I have theorized previously that the cometary destruction associated with the Deluge may have been responsible for mutations in the human population and these mutations led to a variety of psychopathologies that have spread gradually in the population, incrementally corrupting humanity and life on Earth, until we are where we are today. That may have been what happened to Atlantis via an even earlier cataclysmic interaction, and I'm going to explain why I think so. What Atlantis ended up with, according to Plato, and what we have today, was and is a corrupt global system that seeks domination of the entire world. For Atlantis, in the midst of, or immediately after, fighting a war of domination, the Deluge came destroying nearly all life on earth in a single day and night. Rather sobering if you think about it. Makes one feel like going Biblical!
"But as the days of Noe were, so shall also the coming of the Son of man be. For as in the days that were before the flood they were eating and drinking, marrying and giving in marriage, until the day that Noe entered into the ark, and knew not until the flood came, and took them all away..." (Matthew 24:37-38.)
So, something corrupted the world of Cro-Magnon man long before this time and whatever it was, it led peaceful hunter-gatherer types to create a complex technological civilization that then took the peoples of the world into an abyss; and this corruption may very well have survived the Deluge and still be present in our own society. It is a system that posits pure materialism as its foundation, and excludes entirely the potentials of consciousness as a factor in human dynamics (except as a by-product or 'excretion' of matter). And when I refer to materialists, I actually include the creationists because their position is actually as entirely materialism-based as the evolutionists.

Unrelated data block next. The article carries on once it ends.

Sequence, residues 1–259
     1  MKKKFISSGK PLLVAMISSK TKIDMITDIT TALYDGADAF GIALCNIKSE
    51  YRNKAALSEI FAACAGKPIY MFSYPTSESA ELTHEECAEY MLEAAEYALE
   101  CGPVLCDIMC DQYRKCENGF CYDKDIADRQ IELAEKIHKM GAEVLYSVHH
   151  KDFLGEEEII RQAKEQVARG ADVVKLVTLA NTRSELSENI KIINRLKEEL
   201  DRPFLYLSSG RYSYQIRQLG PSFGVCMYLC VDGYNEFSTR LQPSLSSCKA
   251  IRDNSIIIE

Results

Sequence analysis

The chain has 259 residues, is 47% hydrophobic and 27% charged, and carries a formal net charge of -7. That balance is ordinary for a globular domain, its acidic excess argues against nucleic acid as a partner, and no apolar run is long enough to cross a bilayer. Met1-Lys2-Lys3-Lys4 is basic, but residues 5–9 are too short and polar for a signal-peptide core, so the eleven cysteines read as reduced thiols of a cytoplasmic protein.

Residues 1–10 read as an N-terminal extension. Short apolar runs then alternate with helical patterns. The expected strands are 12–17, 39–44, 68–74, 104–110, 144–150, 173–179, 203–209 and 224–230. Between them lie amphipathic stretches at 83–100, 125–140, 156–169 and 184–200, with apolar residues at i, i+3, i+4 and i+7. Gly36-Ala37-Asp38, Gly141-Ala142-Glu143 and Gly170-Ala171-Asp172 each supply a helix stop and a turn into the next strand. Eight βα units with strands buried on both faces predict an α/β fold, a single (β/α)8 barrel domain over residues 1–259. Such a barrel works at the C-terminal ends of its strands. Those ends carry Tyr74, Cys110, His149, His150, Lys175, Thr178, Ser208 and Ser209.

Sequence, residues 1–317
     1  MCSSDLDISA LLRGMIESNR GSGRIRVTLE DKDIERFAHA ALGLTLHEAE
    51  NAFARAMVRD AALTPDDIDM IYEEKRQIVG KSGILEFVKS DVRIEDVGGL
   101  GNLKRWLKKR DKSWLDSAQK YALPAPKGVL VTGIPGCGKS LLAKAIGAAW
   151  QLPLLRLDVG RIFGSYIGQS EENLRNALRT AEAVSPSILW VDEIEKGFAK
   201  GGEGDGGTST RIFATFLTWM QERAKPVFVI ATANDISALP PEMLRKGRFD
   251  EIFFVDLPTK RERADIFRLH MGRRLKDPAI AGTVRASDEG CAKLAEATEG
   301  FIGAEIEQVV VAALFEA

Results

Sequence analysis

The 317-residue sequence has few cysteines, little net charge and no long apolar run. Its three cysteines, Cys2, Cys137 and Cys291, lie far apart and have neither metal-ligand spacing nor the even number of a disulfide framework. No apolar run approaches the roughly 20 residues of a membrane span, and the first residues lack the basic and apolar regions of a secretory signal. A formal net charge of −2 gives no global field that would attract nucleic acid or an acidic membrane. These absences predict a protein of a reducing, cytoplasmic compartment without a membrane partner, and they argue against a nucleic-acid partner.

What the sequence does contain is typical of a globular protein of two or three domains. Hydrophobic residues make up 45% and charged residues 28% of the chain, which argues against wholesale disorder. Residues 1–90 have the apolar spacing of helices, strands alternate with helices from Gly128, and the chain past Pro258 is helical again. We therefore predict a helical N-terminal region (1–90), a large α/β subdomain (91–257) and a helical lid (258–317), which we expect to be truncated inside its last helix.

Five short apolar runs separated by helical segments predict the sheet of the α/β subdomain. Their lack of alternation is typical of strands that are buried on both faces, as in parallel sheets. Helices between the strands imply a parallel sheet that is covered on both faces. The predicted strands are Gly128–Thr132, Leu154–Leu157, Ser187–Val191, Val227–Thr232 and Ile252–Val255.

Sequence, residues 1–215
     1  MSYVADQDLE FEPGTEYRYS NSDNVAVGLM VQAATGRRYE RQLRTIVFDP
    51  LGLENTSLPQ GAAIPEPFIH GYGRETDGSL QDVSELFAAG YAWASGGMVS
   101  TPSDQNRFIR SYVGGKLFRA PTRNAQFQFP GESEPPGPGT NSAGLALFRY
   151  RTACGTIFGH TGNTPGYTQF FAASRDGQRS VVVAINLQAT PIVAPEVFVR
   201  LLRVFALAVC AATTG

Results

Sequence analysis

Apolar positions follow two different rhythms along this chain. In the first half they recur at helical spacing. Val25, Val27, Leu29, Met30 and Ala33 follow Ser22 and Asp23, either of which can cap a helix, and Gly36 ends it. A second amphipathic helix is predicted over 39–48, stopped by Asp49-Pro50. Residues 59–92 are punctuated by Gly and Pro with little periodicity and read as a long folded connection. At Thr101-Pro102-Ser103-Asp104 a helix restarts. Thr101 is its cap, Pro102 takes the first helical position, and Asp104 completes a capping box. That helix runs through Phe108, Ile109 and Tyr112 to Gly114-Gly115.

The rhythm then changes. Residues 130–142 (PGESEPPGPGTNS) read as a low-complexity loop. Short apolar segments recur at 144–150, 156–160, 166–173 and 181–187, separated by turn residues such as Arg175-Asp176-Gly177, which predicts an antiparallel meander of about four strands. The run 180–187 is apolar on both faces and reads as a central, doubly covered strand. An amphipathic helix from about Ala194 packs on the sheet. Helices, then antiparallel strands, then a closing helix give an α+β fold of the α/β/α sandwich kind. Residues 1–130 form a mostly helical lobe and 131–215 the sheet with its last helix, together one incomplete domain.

Cow Skull

Invasion of the Viking women unearthed

Image
© Victor Lambdin
So much for Hagar the Horrible, with his stay-at-home wife, Helga. Viking women may have equaled men moving to England in medieval invasions, suggests a look at ancient burials.

Vikings famously invaded Eastern England around 900 A.D., notes Shane McLeod of the Centre for Medieval and Early Modern Studies at the University of Western Australia in the Early Medieval Europe journal, starting with two army invasions in the 800's, recounted in the Anglo-Saxon Chronicles. The Viking invaders founded their own medieval kingdom, 'the Danelaw', in Eastern England.
"There is some archaeological evidence for early Norse female settlement, most obviously oval brooches, but this evidence is minimal. The more difficult to date evidence of place names, personal names, and DNA samples derived from the modern population suggests that Norse women did migrate to England at some stage, but probably in far fewer numbers than Norse men," begins the study.